Improving Traffic Locality in BitTorrent via Biased Neighbor Selection

Ruchir Bindal, Pei Cao, William Chan, Jan Medval, George Suwala, Tony Bates, Amy Zhang


Peer-to-peer (P2P) applications such as BitTorrent ignore traffic costs at ISPs and generate a large amount of cross-ISP traffic. As a result, ISPs often throttle BitTorrent traffic as a way to control the cost. In this paper, we examine a new approach to enhance BitTorrent traffic locality, biased neighbor selection, in which a peer chooses the majority, but not all, of its neighbors from peers within the same ISP.

Using simulations, we show that biased neighbor selection maintains the nearly optimal performance of BitTorrent in a variety of environments, and fundamentally reduces the cross-ISP traffic by stopping it from growing linearly with the number of peers. A key reason for its performance is the rarest first piece replication algorithm used by BitTorrent clients.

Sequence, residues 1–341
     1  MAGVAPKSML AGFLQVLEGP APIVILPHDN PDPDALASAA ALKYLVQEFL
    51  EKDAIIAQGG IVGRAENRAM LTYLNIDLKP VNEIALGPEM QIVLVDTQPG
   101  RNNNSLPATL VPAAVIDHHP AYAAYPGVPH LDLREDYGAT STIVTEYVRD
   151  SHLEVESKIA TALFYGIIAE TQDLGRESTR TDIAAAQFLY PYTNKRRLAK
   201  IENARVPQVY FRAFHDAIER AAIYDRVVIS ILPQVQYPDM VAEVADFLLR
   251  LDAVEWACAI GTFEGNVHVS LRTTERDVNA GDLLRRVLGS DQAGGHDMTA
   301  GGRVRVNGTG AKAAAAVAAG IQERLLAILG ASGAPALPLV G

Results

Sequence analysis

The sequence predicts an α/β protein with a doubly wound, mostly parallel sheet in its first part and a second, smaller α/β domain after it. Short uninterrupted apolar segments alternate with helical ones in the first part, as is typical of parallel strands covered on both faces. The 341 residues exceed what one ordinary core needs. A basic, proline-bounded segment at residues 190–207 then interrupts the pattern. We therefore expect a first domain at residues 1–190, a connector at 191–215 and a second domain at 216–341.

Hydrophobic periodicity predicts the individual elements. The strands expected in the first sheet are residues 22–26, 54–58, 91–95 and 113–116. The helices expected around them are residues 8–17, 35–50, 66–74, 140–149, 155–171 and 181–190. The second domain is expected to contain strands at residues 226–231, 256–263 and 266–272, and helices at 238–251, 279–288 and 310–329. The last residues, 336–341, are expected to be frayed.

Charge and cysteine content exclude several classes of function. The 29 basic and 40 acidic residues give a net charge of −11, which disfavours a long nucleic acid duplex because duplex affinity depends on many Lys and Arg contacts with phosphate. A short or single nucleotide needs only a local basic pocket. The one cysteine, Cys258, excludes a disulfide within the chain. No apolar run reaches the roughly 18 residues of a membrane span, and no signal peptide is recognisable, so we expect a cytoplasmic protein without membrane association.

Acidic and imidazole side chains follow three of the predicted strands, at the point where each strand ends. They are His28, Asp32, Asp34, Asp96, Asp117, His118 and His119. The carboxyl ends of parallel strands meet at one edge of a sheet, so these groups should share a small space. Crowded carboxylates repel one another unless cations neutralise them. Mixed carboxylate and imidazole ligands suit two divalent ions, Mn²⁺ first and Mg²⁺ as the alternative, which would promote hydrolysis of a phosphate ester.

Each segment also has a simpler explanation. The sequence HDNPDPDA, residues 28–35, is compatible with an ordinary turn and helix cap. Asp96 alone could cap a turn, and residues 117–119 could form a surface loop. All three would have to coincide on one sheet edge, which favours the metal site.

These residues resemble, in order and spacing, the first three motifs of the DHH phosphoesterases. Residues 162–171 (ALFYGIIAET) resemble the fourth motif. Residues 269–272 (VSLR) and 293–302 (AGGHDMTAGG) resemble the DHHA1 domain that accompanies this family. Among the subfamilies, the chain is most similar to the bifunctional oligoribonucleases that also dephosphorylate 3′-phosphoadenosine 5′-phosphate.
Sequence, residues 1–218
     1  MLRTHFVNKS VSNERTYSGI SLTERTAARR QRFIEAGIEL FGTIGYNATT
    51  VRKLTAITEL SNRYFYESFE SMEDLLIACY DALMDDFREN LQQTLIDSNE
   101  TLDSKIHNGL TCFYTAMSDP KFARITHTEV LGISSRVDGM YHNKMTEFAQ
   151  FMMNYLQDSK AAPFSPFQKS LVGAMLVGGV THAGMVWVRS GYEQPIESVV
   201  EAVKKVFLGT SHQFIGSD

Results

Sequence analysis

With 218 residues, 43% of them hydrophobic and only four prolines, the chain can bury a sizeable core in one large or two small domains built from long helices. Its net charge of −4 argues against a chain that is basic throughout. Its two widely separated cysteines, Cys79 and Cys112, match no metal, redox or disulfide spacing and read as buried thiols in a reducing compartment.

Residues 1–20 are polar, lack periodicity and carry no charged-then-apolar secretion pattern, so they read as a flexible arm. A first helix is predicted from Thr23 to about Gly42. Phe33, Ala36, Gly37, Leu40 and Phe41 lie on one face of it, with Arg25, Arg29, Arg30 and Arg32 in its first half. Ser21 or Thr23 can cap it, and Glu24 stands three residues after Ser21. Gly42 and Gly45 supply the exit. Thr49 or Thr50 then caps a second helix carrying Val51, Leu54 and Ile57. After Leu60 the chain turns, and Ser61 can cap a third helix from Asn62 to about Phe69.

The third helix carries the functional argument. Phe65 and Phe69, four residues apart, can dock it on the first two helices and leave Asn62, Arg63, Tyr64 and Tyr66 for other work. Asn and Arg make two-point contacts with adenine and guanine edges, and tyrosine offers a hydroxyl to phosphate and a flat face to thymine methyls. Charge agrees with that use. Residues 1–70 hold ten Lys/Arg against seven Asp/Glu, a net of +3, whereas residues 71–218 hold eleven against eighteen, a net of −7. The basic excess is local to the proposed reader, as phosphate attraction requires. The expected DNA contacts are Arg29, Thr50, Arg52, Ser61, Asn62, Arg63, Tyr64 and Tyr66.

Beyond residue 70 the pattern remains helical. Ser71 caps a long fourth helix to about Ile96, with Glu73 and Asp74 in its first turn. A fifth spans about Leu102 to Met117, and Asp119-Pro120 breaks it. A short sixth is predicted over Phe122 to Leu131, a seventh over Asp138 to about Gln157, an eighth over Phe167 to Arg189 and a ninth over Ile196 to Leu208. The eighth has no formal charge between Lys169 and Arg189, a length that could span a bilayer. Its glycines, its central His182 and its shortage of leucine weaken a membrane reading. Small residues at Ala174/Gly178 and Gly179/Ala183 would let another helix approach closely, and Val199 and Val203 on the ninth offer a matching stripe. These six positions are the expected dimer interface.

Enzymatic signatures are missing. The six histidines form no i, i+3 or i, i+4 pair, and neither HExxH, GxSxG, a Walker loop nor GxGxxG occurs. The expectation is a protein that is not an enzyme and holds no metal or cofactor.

Compared with existing locality-enhancing approaches such as bandwidth limiting, gateway peers, and caching, biased neighbor selection requires no dedicated servers and scales to a large number of BitTorrent networks. Furthermore, it can be combined with bandwidth limiting and caching to improve their performance further.

The paper in PDF is here.

The source code for the simulator can be found here.


We are running an Internet-wide experiment with a new tracker implementing the ideas described in the paper. Interested in having your .torrent hosted by our tracker? Please contact Pei Cao.